Ecuador has been pulling in major press coverage since its Highest Court ruled to recognize same-sex marriage last week. After six years of litigation, Ecuador’s Supreme Court judges ruled in favor of same-sex couples who were denied marriage licenses by a 5-to-4 vote.
The Ecuadorian National Election Council (CNE in Spanish) invited the LGBTQ Victory Institute to serve as international observers in Ecuador’s 2019 local elections. The Victory Institute put together an LGBTQ delegation of 5 observers; their goal was to monitor the elections and provide recommendations regarding LGBTQ political participation. The Ecuadorian National Election Council sent each member of the delegation to different Ecuadorian provinces. They met with LGBTQ candidates and members of the general public while also observing the polls on election day. The objective was to learn about the status of LGBTQ candidates and voters in the country.
This week, the Victory Institute delivered a report to the electoral authorities in charge of international observations. The report points out that despite all the diversity and cultural heritage in Ecuador, the institutional agenda leaves out LGBTQ people. Official events rarely mention the LGBTQ community, and electoral authorities still have a limited knowledge of concepts about gender identity and sexual orientation.
Victory’s Delegation of International Observers recommendations to the CNE included providing further training about gender identity, gender expression and sexual orientation to the permanent and temporary staff involved in elections. Additionally, Victory recommended increasing the awareness of the diversity present among candidates, so their institutions can protect them from discrimination.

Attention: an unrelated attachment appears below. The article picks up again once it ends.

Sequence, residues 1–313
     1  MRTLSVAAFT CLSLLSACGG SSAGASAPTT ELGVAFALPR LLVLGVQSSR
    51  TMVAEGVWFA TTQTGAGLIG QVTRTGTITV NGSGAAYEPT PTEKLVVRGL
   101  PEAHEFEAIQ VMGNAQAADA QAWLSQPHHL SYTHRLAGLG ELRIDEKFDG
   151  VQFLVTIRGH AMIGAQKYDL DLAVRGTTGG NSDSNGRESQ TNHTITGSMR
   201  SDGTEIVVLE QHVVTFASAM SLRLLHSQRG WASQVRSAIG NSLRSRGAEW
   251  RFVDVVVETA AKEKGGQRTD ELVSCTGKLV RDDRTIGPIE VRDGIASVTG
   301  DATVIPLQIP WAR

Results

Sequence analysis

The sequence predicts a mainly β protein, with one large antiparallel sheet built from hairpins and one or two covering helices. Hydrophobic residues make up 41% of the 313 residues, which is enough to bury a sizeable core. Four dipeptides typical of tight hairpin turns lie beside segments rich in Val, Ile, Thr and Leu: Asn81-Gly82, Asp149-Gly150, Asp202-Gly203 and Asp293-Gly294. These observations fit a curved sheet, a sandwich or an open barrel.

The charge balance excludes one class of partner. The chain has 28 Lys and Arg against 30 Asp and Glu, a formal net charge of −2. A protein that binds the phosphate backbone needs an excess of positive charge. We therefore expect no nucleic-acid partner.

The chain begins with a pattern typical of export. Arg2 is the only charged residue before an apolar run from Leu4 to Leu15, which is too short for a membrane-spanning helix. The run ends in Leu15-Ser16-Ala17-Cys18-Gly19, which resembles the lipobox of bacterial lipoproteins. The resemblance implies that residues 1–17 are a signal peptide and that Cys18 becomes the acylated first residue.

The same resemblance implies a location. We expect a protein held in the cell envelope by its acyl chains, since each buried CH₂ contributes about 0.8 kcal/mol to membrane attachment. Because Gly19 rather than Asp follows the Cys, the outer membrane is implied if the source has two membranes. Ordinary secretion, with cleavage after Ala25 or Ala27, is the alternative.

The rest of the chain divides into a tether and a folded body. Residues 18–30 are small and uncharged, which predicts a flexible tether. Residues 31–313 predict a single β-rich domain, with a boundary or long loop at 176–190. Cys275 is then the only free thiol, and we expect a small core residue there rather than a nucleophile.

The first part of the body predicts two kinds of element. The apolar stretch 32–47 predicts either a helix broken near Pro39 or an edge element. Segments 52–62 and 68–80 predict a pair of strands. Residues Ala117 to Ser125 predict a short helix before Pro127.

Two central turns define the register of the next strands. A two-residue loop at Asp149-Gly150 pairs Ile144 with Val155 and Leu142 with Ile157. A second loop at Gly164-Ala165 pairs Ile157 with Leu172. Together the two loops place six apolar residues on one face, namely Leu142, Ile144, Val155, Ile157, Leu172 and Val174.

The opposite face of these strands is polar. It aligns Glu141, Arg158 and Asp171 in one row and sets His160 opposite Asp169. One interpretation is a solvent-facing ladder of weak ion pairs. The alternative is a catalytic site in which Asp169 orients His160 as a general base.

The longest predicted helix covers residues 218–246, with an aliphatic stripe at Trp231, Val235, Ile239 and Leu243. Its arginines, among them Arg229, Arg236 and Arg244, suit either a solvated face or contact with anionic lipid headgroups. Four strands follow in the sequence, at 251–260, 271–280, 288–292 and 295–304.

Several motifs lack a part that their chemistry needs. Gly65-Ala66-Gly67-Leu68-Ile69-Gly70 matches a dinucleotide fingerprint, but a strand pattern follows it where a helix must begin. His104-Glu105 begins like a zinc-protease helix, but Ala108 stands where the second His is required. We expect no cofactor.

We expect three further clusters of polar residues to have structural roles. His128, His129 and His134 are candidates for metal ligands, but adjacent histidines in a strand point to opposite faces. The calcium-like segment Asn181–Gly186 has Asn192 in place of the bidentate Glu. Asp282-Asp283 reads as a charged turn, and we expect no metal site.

During the elections, the Observers Delegation noticed that every polling place in Ecuador had two different lines: one for men and one for women. Election authorities divided voters by their gender and only allowed them to vote in their designated voting booth. In the report, Victory’s delegation of observers suggested that Ecuadorian electoral authorities discontinue this practice. This is because the practice reinforces the binary stereotype and leaves non-binary folks in limbo. Furthermore, it leaves out trans people who have not had the opportunity to update their identification documents. The Victory delegation reminded the CNE in its report that every person should be able to vote, no matter their gender identity and expression.
The electoral authorities in Ecuador welcomed an LGBTQ delegation of observers, conveying their openness to equality. With this welcoming and the landmark marriage equality ruling, there is no doubt that Ecuador’s institutions are finally moving towards universal equality.